Bahrain Central Bank reveals cashless payments in the Kingdom hit $3.62bn in 2021
Central Bank of Bahrain (CBB) has revealed that more than 11.3 million digital transactions in Bahrain in August, valued at BD279.6 million ($743.7 million) following a record $3.62 billion in the first half of 2021. According to the report from CBB, POS and Ecommerce transactions in Bahrain were up by 65 percent in August, year-on-year, and more than 53 million digital payments in the first half of 2021.
The figures reflect the trend in the rest of the GCC, which is currently experiencing a region-wide surge in online and digital payments as countries accelerate their transition towards cashless societies in the wake of the pandemic.
Unsurprisingly, lockdowns caused a dramatic shift towards digital payment systems. Bahrain’s national electronic wallet, BenefitPay, announced a 785 percent increase in the number of remittances through its Fawri+ service (an online payment service introduced under the Electronic Funds Transfer System) in 2020 – exceeding $5 million. And research from the European Payments Council indicates that the MENA region will process around 139 billion individual non-cash transactions in 2022, which is 90 billion more than five years ago.
Reforms to open banking are expected to have broader ramifications for the payments business, according to a recent survey from McKinsey. When respondents to the survey were asked what government- or regulator-driven action would be most effective in steering customers to digital payments, 27 percent nominated regulatory approval for open banking. In 2018, Bahrain made a leap forward in the financial services sector, issuing open banking rules, followed by a framework with guidelines on data sharing and governance in 2020.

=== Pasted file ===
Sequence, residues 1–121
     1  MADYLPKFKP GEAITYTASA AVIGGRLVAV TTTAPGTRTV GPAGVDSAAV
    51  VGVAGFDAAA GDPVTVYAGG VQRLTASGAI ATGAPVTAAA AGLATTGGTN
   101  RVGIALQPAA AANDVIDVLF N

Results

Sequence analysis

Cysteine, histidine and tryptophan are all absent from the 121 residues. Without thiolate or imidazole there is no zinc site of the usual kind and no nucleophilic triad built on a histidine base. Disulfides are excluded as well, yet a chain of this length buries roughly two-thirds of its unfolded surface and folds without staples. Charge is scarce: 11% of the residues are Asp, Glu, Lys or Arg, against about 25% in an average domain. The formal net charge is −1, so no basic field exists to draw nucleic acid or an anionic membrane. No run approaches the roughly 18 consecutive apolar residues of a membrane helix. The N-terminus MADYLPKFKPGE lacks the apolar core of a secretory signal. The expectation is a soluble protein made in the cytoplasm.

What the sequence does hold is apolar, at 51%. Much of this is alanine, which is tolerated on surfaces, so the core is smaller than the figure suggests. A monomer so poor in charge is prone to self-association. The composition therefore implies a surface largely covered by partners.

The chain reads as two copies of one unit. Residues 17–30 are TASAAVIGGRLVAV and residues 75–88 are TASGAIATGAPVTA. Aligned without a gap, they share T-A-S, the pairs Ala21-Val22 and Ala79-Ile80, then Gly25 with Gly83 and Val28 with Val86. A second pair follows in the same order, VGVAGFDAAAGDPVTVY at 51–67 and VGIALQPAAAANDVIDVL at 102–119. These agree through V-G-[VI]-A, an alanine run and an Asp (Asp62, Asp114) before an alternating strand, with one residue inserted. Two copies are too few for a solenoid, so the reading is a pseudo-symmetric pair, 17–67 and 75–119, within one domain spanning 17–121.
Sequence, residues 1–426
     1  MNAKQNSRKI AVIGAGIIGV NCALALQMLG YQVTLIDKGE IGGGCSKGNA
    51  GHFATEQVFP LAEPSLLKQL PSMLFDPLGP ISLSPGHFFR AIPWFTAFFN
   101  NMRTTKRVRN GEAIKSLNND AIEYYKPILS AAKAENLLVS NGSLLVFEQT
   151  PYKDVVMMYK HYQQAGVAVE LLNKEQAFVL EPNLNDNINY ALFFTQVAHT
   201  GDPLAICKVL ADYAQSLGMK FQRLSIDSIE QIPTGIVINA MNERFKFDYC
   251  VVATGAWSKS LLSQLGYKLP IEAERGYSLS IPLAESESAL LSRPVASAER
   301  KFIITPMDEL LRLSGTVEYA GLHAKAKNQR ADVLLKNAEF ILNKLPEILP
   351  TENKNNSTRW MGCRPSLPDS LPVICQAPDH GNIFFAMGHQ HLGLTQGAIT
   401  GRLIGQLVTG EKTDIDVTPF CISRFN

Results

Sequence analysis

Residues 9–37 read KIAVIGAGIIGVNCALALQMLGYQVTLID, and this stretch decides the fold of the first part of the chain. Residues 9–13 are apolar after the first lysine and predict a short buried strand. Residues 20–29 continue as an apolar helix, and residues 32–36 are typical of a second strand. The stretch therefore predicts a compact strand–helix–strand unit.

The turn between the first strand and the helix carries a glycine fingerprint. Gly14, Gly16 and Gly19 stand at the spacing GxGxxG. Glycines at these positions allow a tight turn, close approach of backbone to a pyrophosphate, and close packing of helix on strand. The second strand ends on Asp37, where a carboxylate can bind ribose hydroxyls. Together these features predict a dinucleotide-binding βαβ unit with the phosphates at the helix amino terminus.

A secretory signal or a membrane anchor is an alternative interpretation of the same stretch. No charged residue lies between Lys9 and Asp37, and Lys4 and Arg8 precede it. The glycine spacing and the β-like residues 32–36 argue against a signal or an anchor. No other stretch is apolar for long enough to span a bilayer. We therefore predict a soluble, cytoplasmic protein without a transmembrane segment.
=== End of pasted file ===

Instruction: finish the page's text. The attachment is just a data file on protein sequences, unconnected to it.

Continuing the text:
Dalal Buhejji, Executive Director of Business Development Investment Origination at the Bahrain Economic Development Board, said: “Even before the pandemic, the GCC was embracing digital and mobile banking and payments. Bahrain has anticipated the trends that were catalysed by the pandemic. Our regulatory approach, along with our advanced digital infrastructure, is why we are at the forefront of developing the technologies, solutions and ecosystems that will form the future of the region’s digital economy.”